I respectfully dissent. The majority views Conservatorship of Davis (1981) 124 Cal.App.3d 313, 177 Cal.Rptr. 369, as holding the availability of willing family, friends or third parties to assist a gravely disabled person provide for his or her basic needs outweighs evidence of the person's mental disability in determining whether a conservatorship should be established under the Lanterman-Petris-Short Act (LPS Act). I disagree with this interpretation. I read Conservatorship of Early (1983) 35 Cal.3d 244, 197 Cal.Rptr. 539, 673 P.2d 209, as stating the proper rule of law:
“We determine only that evidence of available assistance by family members or friends which will enable one suffering from a mental disorder to meet his or her basic needs for food, clothing and shelter is admissible and that proffered instructions on this issue when tendered by the evidence must be given.” (Early, supra, at p. 249, 197 Cal.Rptr. 539, 673 P.2d 209.)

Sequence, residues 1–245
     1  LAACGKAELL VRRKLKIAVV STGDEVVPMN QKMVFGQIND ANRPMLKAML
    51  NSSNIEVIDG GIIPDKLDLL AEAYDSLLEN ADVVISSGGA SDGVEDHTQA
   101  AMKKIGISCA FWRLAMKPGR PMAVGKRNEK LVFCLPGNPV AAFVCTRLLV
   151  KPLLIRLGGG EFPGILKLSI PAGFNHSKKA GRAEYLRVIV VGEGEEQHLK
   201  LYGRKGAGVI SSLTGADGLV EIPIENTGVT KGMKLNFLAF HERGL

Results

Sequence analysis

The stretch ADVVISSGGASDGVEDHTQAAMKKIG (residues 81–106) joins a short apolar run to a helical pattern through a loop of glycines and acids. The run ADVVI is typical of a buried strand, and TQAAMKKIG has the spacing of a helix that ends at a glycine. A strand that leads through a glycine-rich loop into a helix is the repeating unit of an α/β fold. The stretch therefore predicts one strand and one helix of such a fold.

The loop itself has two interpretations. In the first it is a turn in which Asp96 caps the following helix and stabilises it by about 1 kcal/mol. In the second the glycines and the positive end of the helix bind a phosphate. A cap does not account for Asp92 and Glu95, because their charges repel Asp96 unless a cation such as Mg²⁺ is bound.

Here, an experienced trial judge considered evidence of willing third party assistance and concluded substantial evidence demonstrated Merritt Neal is “gravely disabled.” The substantial evidence standard of review compels affirmance of establishment of the conservatorship. Nothing in this record suggests need for a Monday morning quarterback approach to evidentiary review.
At the court trial, a psychiatrist, Dr. Rosenthal, testified he found Neal to be gravely disabled as the result of Neal's head injury, his previous deep depression and alcoholism. In addition, Neal's attorney conceded his client was seriously mentally disabled. No evidence was presented disputing Dr. Rosenthal's psychiatric report. Dr. Rosenthal also testified recent changes in Neal's condition suggested a less restrictive placement would be suitable even though he originally recommended Neal be placed in a closed (i.e., locked) psychiatric facility. Dr. Rosenthal discussed the possibility Betty Kearney might care for Neal in her home, even though Neal would require 24–hour care and supervision which Kearney could not provide alone. Kearney told the court she was prepared to bring in additional assistance so someone would be with Neal 24 hours a day. In the end, the court ruled: